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|The Night-Born||Jack London|
|Page 2 of 6||
"I'll answer. No man can threaten me, even anonymously or in foolery."
On a slip of paper he wrote the succinct message, "Go to hell," signed it, and placed it in the carrying apparatus with which the bird had been thoughtfully supplied.
"Now we'll let her loose. Where's my son? I'd like him to see the flight."
"He's down in the workshop. He slept there last night, and had his breakfast sent down this morning."
"He'll break his neck yet," Peter Winn remarked, half-fiercely, half-proudly, as he led the way to the veranda.
Standing at the head of the broad steps, he tossed the pretty creature outward and upward. She caught herself with a quick beat of wings, fluttered about undecidedly for a space, then rose in the air.
Again, high up, there seemed indecision; then, apparently getting her bearings, she headed east, over the oak-trees that dotted the park-like grounds.
"Beautiful, beautiful," Peter Winn murmured. "I almost wish I had her back."
But Peter Winn was a very busy man, with such large plans in his head and with so many reins in his hands that he quickly forgot the incident. Three nights later the left wing of his country house was blown up. It was not a heavy explosion, and nobody was hurt, though the wing itself was ruined. Most of the windows of the rest of the house were broken, and there was a deal of general damage. By the first ferry boat of the morning half a dozen San Francisco detectives arrived, and several hours later the secretary, in high excitement, erupted on Peter Winn.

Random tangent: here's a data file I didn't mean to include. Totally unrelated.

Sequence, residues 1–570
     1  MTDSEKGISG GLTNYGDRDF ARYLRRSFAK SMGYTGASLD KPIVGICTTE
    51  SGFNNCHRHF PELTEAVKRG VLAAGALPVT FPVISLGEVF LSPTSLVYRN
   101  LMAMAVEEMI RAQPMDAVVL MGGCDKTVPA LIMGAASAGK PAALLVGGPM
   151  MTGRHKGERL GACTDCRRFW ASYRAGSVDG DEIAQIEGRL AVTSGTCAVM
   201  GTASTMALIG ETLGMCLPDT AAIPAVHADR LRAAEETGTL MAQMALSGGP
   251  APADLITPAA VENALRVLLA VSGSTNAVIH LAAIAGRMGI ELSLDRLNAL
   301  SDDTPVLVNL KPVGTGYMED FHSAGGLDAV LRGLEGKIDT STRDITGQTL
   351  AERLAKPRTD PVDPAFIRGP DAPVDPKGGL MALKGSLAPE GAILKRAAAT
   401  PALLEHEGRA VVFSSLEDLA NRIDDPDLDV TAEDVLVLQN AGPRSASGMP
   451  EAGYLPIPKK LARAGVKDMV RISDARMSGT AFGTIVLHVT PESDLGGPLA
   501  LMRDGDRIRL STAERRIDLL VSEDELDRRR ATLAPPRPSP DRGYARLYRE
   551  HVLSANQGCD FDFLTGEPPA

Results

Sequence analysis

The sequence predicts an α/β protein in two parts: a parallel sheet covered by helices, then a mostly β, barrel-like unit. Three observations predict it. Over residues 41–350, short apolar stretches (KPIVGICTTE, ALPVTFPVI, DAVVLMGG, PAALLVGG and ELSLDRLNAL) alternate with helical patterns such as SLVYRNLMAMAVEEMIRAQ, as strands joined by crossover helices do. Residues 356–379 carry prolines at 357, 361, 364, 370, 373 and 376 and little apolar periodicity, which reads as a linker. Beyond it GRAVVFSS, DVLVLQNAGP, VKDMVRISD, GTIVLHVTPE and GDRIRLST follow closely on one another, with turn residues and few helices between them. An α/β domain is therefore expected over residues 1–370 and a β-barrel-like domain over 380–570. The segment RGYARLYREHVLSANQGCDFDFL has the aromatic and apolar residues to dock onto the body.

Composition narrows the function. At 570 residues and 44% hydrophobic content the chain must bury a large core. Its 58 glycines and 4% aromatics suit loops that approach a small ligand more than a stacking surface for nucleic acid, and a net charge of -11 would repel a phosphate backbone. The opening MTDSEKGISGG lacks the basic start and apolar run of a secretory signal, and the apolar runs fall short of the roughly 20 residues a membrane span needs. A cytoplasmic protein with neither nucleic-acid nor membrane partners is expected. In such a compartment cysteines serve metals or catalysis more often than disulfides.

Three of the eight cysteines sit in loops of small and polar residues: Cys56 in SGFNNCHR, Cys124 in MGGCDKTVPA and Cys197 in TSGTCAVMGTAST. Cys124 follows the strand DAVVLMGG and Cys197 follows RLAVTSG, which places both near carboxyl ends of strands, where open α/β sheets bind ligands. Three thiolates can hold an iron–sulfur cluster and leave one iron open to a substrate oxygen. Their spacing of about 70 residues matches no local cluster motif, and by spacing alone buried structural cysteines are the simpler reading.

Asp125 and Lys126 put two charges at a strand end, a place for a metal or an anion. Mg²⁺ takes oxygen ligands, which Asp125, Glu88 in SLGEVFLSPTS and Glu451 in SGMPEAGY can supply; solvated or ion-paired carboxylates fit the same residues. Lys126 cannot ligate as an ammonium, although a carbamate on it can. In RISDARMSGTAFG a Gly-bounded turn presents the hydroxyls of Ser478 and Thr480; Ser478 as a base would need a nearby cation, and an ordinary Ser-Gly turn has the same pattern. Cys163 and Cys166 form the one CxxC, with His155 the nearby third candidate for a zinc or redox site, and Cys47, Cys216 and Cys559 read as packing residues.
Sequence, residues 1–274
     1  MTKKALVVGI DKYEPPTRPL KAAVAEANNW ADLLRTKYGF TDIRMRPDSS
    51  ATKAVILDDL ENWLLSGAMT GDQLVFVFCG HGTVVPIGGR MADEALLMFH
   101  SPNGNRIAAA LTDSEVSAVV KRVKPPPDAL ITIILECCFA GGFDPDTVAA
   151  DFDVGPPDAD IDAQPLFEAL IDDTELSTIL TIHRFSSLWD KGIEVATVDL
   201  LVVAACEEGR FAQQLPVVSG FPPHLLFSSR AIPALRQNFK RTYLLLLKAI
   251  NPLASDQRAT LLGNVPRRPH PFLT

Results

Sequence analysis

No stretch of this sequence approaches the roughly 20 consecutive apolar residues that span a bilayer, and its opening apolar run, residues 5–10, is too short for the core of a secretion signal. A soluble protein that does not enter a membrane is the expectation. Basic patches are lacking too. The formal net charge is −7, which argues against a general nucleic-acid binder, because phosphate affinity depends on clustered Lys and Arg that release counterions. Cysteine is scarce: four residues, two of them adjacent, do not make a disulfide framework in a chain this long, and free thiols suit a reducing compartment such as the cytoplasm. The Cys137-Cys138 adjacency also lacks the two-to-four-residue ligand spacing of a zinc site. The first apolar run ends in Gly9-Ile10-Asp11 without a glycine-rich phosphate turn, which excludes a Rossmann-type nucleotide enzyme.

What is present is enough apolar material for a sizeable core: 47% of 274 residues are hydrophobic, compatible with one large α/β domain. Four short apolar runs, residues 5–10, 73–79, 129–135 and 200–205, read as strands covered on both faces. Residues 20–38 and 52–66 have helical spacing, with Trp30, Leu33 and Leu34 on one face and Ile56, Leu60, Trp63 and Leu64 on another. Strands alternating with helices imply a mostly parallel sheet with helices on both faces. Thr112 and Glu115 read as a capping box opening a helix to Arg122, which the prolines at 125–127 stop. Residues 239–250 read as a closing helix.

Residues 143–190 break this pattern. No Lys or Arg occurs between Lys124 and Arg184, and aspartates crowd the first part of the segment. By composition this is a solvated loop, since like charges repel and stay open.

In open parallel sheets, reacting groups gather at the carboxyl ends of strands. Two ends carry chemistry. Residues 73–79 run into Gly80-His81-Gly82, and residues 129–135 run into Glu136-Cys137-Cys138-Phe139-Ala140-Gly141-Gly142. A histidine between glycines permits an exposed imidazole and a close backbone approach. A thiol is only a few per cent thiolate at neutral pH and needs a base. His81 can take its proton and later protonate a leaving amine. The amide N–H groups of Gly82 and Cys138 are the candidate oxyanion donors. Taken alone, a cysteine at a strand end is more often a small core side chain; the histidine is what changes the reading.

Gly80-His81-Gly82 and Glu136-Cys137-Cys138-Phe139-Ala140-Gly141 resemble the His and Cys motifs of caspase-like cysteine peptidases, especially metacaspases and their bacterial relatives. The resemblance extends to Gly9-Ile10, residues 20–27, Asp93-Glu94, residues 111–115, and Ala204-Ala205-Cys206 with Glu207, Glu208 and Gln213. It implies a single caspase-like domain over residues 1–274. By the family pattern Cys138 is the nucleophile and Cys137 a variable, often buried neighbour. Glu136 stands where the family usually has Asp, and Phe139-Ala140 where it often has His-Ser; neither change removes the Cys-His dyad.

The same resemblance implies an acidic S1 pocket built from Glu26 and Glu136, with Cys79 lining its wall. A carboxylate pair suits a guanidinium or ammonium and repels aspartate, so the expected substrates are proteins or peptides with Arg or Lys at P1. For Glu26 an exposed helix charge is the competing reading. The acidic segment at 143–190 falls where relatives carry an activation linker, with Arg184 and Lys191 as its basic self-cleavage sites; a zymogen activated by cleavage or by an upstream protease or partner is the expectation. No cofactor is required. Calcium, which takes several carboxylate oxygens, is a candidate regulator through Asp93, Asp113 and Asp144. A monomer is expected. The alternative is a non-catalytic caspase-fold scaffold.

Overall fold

"It's come!" the secretary gasped, the sweat beading his forehead and his eyes bulging behind their glasses.
"What has come?" Peter demanded. "It--the--the loo-loo bird."
Then the financier understood.
"Have you gone over the mail yet?"
"I was just going over it, sir."
"Then continue, and see if you can find another letter from our mysterious friend, the pigeon fancier."
The letter came to light. It read:
Mr. Peter Winn, HONORABLE SIR: Now dont be a fool. If youd came through, your shack would not have blew up--I beg to inform you respectfully, am sending same pigeon. Take good care of same, thank you. Put five one thousand dollar bills on her and let her go. Dont feed her. Dont try to follow bird. She is wise to the way now and makes better time. If you dont come through, watch out.
Peter Winn was genuinely angry. This time he indited no message for the pigeon to carry. Instead, he called in the detectives, and, under their advice, weighted the pigeon heavily with shot. Her previous flight having been eastward toward the bay, the fastest motor-boat in Tiburon was commissioned to take up the chase if it led out over the water.
But too much shot had been put on the carrier, and she was exhausted before the shore was reached. Then the mistake was made of putting too little shot on her, and she rose high in the air, got her bearings and started eastward across San Francisco Bay. She flew straight over Angel Island, and here the motor-boat lost her, for it had to go around the island.
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